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22 items found for "cancer"

  • The quest for improved cancer treatments

    . 10-year cancer survival rates (1972-2011) Here is a representation of cancer survival in New Zealand Hallmarks of cancer Our area of expertise is drug development and we are looking at cancer as a disease cancer cell cancer tumours are not simply groups of cells of all the same evolution. The four pillars of cancer treatment Certainly when we come and look at the pillars of cancer treatment or bowel cancers at different stages.

  • Predicting Cardiovascular Risks in Cancer Patients

    With a deep-seated passion for improving quality of life and outcomes for cancer patients, Professor Currently that means 95,000 cancer survivors live in NZ. Apart from cancer, the greatest risk to these patients is cardiovascular disease. CVD risks are important in good-prognosis cancer patients; many will survive their cancer but suffer care for patients, their whānau, friends and communities affected by cancer.”

  • Striving to Improve Cancer Treatment

    The first question people ask when given the news that they have cancer is usually “how long have I got If they have a GBM brain cancer the answer can be even more devastating. Having seen her aunt’s battle with cancer rob her of her quality of life in just a few months after detection This is quite rapid compared to a lot of other types of cancers,” Zoe reveals.

  • Men's health month: Prostate cancer research

    Prostate cancer is the most common malignancy diagnosed in New Zealand men. Ethnic disparities in outcomes are well documented for prostate cancer, and despite the fact that Māori The New Zealand Ministry of Health (MOH) published guidelines for prostate cancer management in September "I'm developing a New Zealand-specific prostate cancer risk calculator, which accounts for the ethnic this is frequently a manageable cancer, with timely diagnosis.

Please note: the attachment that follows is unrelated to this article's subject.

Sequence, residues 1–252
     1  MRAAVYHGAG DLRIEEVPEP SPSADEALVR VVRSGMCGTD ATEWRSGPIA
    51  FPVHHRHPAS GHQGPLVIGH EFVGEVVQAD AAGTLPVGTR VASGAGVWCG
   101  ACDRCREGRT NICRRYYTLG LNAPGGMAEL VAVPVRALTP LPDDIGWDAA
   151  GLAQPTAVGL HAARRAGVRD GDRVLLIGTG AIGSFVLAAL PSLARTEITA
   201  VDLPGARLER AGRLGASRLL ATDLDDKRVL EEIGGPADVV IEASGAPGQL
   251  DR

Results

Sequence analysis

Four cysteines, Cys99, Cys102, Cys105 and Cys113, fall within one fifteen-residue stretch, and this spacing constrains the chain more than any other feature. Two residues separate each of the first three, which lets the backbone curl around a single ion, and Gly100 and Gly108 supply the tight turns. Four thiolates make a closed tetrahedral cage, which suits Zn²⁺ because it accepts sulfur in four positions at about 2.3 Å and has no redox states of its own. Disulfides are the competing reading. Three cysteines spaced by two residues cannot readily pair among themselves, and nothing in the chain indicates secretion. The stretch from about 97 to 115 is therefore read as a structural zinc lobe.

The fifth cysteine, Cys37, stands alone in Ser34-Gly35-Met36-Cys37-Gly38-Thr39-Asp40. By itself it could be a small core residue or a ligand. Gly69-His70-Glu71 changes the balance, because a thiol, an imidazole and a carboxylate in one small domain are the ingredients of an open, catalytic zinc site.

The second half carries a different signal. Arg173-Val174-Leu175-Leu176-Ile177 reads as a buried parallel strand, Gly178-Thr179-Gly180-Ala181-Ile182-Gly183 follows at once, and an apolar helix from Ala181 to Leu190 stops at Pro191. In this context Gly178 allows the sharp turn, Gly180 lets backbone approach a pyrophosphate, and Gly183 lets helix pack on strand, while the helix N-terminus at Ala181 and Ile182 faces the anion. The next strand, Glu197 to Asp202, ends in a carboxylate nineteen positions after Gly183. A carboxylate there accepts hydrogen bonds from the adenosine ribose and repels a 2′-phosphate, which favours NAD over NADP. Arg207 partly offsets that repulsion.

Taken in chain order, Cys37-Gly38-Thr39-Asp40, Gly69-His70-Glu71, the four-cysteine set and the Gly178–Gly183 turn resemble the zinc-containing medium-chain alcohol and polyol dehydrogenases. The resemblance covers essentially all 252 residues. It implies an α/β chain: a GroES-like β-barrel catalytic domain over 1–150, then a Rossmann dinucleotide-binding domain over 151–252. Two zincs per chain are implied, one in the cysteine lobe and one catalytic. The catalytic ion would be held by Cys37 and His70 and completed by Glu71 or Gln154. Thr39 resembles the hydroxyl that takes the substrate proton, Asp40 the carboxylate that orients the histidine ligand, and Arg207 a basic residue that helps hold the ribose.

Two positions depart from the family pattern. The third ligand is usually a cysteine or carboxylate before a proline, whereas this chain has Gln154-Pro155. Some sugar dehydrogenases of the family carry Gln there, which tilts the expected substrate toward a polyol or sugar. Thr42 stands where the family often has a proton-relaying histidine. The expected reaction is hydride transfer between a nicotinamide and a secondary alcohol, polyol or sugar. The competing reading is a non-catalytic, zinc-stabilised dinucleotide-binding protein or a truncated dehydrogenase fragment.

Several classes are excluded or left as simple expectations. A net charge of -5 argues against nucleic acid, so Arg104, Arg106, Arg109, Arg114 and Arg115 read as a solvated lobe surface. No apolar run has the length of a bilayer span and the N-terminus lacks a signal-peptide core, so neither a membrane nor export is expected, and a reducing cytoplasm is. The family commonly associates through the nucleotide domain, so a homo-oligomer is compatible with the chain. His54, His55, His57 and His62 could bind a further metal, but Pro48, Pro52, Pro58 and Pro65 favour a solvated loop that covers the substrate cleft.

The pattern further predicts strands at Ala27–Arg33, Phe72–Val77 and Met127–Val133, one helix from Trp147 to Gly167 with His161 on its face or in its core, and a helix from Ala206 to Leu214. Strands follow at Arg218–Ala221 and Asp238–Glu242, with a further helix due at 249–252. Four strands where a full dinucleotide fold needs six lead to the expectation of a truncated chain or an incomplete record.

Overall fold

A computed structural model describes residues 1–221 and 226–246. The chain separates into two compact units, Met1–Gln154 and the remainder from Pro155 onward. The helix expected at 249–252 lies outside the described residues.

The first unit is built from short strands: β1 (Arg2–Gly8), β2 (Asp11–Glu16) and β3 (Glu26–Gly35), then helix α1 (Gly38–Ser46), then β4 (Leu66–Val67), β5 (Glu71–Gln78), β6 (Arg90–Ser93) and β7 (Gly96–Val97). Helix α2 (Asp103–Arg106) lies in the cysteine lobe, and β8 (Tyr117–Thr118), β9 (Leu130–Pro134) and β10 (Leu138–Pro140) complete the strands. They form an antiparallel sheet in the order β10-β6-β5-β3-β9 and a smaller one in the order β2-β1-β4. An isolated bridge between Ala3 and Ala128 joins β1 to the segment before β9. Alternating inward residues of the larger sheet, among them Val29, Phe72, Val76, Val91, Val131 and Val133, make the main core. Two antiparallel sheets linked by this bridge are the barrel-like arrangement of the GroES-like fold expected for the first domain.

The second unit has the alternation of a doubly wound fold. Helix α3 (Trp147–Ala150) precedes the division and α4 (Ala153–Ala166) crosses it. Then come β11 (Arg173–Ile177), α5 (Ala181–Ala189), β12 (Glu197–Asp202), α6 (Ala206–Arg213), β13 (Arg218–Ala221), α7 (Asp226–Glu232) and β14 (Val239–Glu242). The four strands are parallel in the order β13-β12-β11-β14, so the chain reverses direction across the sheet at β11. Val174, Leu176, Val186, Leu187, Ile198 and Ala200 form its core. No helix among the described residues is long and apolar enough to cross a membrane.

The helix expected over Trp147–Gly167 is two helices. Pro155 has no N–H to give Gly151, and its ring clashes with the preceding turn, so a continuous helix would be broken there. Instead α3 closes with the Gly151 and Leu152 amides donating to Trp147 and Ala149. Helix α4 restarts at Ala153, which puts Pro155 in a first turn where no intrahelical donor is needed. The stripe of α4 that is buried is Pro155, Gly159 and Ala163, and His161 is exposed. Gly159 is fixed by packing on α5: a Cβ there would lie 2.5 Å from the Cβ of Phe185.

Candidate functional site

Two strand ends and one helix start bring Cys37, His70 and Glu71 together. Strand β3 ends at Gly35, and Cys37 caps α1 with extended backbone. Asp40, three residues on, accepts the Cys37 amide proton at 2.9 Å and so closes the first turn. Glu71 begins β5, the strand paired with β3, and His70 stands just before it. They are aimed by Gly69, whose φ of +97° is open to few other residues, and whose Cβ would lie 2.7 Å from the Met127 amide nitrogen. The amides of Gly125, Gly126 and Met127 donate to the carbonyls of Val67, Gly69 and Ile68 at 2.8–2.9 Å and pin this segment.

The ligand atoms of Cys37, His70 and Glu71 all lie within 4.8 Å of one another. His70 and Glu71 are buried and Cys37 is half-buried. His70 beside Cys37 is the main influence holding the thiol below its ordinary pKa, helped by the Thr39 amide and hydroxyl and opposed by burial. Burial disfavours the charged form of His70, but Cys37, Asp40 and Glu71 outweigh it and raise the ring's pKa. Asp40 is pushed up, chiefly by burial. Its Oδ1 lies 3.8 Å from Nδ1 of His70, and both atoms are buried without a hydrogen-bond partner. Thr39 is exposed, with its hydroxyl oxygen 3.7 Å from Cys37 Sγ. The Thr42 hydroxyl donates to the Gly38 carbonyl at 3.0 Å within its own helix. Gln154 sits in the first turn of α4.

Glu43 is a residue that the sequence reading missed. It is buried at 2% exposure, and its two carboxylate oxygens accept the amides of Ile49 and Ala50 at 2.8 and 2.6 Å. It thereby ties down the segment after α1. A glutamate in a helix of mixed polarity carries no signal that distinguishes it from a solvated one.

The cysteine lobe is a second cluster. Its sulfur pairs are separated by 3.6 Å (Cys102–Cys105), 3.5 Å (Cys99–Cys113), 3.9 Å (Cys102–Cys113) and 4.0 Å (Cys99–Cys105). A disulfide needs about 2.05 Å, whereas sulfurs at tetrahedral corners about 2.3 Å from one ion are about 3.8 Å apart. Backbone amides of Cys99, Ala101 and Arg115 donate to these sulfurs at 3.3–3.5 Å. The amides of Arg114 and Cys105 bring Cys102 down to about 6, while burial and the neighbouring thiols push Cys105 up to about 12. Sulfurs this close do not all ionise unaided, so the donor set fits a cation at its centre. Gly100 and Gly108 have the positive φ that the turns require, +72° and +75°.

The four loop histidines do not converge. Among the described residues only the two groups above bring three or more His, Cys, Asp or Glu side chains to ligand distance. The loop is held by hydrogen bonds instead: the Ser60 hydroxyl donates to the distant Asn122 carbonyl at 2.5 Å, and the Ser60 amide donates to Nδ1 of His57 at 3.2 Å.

• Medicinal chemists make & fire the magic bullet against cancer

    including: Distinguished Professor Dame Margaret Brimble's extensive work to create a magic bullet against cancer want to make a meaningful impact, like Tom and Chris who will cycle Tour Aotearoa to raise funds for cancer

  • Emerging researcher returning to New Zealand to find link between breast cancer & obesity

    Auckland with an AMRF Douglas Goodfellow Repatriation Fellowship to enable her to establish a breast cancer

  • Kiwi experts shining light on skin cancer

    It is also the time of year when we are much more susceptible to skin cancer through sun damage. people will die from what medical researcher Dr Cherie Blenkiron describes as “an uncommon form of skin cancer memory of their brother, and more of this type of funding is needed to improve outcomes for people with cancer The research we do could be transferable to other cancers as well as significantly benefitting MCC patients

  • Are you curious how a 1951 MG can help drive improvements in health?